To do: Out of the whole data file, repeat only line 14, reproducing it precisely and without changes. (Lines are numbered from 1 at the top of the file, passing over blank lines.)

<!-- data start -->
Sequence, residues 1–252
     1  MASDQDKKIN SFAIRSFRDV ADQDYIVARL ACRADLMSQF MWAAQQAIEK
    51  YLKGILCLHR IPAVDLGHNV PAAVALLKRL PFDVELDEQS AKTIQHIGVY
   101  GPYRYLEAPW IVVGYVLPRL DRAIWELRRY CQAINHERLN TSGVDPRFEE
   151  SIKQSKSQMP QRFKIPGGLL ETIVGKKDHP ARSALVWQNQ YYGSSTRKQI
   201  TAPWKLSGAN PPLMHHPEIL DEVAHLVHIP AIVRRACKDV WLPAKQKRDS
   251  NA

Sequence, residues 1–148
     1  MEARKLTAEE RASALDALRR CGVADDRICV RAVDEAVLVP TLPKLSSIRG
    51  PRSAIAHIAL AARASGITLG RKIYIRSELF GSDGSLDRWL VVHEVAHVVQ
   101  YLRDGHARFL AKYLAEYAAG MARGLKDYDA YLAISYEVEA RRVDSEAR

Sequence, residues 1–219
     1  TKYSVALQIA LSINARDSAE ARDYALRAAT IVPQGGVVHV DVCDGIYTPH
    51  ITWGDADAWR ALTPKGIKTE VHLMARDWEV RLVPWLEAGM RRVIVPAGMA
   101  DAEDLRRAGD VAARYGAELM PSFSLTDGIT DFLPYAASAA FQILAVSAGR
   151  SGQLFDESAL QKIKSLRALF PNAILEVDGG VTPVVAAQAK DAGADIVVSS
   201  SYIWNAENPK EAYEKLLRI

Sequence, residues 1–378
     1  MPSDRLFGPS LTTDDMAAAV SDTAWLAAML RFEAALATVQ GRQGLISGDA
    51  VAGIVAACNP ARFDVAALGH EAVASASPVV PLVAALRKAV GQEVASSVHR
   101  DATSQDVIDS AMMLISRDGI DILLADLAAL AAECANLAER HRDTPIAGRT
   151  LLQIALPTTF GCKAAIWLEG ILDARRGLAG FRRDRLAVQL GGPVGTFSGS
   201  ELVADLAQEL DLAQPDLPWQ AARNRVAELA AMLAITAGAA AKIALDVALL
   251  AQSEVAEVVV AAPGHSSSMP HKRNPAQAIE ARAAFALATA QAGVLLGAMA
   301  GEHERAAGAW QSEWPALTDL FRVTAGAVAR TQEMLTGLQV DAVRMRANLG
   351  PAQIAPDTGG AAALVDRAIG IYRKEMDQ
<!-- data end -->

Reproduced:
    51  ITWGDADAWR ALTPKGIKTE VHLMARDWEV RLVPWLEAGM RRVIVPAGMA